White's was the chief haunt of the Tories; Brooks's catered for the Whigs. This political difference was amusingly caricatured by Gillray in a cartoon, "Promised Horrors of the French invasion," in 1796, in which he showed the invaders wreaking vengeance on White's, while at Brooks's Club, the Whigs being in favour of the Revolution, there was general rejoicing. He drew Canning hanging from a lamp-post, while Pitt, firmly lashed to a Tree of Liberty, was shown being flogged by Charles James Fox.
Like White's, Brook's too catered for gamblers. The scale of gambling was quite fantastic - young aristocrats would lose ten, or even fifteen thousand pounds in an evening's play. Two sons of Lord Holland lost £32,000 in two nights - no doubt to the satisfaction of the wily money-lenders who used to wait in an outer room which Charles James Fox nicknamed the Jerusalem Chamber.
Membership of Brooks's was sometimes difficult to obtain, as none other than Sheridan found, when he was black-balled by George Selwyn, one of the committee. However, Sheridan soon solved this by getting his friend the Prince of Wales to come along and engage Selwyn in conversation during the next meeting of the committee. By the time the conversation was over Sheridan was elected.
On another occasion of a more dramatic nature, George Robert Fitzgerald, a notorious and quarrelsome young man who was constantly challenging people to duels, demanded to be elected a member. Nobody wanted to elect him, but all were afraid of being challenged to a duel. When the ruffian forced his way in and taxed each member as to whether or not he had voted in favour, each tremblingly pretended that he had. Fitzgerald then proceeded to make himself at home and order numerous bottles of champagne which the waiters dared not refuse. By the next evening, however, half a dozen police constables were stationed outside the club to prevent a repetition - but Fitzgerald wisely did not show himself (this did not stop him boasting for a long time that he had been elected "unanimously" as a member!).
Among dozens of other clubs it is worth noting Boodle's which was famous for once holding a Masquerade which cost no less then 2,000 guineas. In the words of a distinguished member, Edward Gibbon, the historian: "Last night was the triumph of Boodle's. . . . A sum that might have fertilised a province vanished in a few hours, but not without leaving behind it the fame of the most splendid and elegant fête that was perhaps ever given in a seat of the arts and opulence."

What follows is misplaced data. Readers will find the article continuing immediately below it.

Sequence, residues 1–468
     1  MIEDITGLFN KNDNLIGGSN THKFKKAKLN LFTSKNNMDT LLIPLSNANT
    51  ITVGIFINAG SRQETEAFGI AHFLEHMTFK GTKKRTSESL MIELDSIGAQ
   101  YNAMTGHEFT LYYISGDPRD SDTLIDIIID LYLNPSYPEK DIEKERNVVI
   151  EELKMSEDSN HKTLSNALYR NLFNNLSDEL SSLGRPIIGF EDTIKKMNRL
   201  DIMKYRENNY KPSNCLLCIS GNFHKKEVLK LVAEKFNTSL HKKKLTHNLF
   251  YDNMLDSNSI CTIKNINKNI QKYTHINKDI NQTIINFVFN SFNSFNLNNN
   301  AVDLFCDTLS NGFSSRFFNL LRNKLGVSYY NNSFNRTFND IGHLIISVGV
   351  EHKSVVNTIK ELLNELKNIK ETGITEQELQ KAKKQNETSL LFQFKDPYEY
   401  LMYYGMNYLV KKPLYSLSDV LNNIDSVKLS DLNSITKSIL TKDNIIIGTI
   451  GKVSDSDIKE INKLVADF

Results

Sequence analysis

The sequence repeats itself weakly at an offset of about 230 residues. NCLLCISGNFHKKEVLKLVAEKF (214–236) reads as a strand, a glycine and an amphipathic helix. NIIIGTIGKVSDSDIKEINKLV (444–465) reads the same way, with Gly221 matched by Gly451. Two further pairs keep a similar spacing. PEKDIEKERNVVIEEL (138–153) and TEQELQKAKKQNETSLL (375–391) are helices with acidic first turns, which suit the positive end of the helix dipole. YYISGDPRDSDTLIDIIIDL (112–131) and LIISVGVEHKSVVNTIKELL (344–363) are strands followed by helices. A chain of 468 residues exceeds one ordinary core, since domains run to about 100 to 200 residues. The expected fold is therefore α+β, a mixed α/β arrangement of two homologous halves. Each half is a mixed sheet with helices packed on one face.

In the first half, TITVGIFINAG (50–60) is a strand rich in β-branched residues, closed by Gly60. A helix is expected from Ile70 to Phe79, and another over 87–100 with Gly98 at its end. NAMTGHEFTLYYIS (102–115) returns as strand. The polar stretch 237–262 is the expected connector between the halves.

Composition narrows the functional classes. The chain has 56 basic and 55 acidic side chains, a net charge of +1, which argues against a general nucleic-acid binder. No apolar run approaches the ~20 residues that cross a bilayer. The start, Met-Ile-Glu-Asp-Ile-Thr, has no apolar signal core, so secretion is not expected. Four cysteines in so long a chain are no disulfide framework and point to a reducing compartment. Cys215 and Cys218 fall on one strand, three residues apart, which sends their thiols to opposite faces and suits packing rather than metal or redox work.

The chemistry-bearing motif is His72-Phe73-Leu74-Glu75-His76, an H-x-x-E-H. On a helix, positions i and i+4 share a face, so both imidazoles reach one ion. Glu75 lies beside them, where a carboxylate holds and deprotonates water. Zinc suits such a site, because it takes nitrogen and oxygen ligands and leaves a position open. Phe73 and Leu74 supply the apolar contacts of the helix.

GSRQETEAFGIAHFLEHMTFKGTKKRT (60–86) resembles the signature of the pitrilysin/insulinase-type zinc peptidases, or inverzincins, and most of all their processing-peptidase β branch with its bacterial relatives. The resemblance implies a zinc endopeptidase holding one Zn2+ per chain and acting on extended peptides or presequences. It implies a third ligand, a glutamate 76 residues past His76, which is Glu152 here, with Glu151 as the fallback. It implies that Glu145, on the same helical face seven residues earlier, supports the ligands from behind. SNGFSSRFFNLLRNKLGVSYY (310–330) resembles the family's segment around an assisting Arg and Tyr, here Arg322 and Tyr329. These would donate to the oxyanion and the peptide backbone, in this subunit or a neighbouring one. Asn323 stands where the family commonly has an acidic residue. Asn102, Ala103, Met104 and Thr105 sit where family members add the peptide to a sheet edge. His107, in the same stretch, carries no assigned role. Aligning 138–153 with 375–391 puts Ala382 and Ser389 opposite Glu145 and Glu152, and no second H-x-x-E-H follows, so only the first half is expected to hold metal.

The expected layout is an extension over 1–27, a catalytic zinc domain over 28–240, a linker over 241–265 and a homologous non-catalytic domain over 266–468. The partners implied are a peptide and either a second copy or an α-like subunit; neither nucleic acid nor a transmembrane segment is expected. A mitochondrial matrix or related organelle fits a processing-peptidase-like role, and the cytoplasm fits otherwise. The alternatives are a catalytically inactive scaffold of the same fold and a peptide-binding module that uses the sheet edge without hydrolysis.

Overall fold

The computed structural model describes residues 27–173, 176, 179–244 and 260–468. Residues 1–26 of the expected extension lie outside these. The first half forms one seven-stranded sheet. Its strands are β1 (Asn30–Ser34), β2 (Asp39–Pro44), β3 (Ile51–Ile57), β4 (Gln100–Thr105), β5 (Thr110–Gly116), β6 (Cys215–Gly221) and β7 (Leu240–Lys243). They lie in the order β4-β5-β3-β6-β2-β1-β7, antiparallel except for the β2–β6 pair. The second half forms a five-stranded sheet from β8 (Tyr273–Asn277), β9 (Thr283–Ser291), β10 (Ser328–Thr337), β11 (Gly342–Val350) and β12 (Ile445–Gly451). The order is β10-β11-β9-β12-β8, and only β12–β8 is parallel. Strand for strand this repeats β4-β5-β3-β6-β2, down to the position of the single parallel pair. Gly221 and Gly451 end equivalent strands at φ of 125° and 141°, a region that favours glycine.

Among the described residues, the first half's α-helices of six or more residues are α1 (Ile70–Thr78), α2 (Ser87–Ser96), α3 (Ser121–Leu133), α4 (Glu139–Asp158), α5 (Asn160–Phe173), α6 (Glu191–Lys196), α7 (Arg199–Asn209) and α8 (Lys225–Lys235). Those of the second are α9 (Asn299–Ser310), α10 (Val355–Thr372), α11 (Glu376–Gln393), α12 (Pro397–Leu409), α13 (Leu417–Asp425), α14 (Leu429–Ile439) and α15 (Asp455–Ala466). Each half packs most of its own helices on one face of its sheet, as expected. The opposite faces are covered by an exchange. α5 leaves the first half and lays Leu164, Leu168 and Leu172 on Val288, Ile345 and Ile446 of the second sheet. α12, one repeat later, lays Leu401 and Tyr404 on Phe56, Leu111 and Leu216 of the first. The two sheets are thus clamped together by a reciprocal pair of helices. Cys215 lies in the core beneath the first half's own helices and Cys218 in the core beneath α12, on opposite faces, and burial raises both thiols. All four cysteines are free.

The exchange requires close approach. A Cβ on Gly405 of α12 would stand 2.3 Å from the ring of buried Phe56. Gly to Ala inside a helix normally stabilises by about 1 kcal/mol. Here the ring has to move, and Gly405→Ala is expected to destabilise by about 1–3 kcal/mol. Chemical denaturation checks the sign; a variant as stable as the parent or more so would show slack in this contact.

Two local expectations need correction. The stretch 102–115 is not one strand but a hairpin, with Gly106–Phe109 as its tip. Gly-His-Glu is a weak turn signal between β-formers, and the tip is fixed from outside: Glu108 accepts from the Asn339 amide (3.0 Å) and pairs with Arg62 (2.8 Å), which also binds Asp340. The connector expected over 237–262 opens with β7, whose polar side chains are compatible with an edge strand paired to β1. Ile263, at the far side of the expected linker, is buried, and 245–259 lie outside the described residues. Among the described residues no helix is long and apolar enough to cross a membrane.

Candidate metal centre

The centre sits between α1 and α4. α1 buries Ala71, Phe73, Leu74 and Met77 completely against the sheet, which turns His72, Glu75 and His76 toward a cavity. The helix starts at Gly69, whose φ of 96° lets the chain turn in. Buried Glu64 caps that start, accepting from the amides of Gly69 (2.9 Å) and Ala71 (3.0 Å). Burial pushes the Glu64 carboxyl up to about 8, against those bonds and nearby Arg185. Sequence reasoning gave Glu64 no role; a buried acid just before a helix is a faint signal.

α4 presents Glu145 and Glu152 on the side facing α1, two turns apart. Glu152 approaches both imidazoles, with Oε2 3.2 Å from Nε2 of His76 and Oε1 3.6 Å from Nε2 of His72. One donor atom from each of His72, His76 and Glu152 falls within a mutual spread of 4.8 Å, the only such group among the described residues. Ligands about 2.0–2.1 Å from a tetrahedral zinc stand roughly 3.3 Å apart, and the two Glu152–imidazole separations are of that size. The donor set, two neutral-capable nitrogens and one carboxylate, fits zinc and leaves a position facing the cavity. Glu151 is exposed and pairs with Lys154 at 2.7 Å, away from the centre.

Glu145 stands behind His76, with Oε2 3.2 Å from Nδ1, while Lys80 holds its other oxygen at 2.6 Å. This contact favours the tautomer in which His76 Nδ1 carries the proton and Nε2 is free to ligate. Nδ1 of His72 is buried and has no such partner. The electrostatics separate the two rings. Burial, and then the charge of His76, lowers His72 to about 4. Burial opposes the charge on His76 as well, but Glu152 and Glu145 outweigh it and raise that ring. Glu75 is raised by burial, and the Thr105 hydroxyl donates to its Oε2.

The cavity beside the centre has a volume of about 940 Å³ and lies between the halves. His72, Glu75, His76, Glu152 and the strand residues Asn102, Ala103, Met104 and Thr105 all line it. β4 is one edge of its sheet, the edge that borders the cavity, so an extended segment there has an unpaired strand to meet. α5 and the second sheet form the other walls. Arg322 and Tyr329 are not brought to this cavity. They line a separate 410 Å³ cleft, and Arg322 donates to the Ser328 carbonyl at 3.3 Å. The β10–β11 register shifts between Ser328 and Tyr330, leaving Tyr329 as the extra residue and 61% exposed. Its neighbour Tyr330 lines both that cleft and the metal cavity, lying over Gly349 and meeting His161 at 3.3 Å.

Looking back on these eighteenth-century clubs, one can only say, sadly, that Clubland isn't what it was.
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LAUGHS FROM THE SHOWS
Heard by Harris Deans
"My dear," cries Thora Hird in horror. "Her dress went down to here. Plunge line they call it - disgusting I call it."
Saturday Night at the Crown.
"I'd sooner," asserts Charles Chaplin, "be a successful crook than a destitute monarch."
"I am quite rich, you know," says Maxine Audley as the Queen. - "Do you know," says Chaplin. "that from a woman on the verge of divorce that is a remarkable statement."
A King in New York.
"I am here," roars Bernard Lee to his new squad, "to help you to become officers. I take it you are already gentlemen."
"When we are married," announces Betsy Blair, "I'm going to have a double bed. I know in films they always have singles, but that's because of the Censor."
"You talk like a woman," sneers Don Murray to his wife. - "You take a good look at me," retorts Eva Marie Saint, "and you'll see I am a woman."
A Hatful of Rain.
"Listen, Daddy," protests Natalie Wood, "I am grown up now. I can say things I don't mean."
No Sleep Till Dawn.
"What was the last compliment a man paid you?" demands Richard Kiley. - "He said," recalls Carmen Sevilla, "that if I were to dive into the Arctic Ocean, the water would boil."
"I am the Vice-President of the firm," announces Tony Randall. - "Ssh! Don't mention vice," implores Jayne Mansfield, "it suggests one of those magazines."
"I was going to see a psychiatrist," admits Jayne Mansfield, "but it was in Hollywood, where they are always so busy with producers you can't even get an appointment."
Oh, For a Man!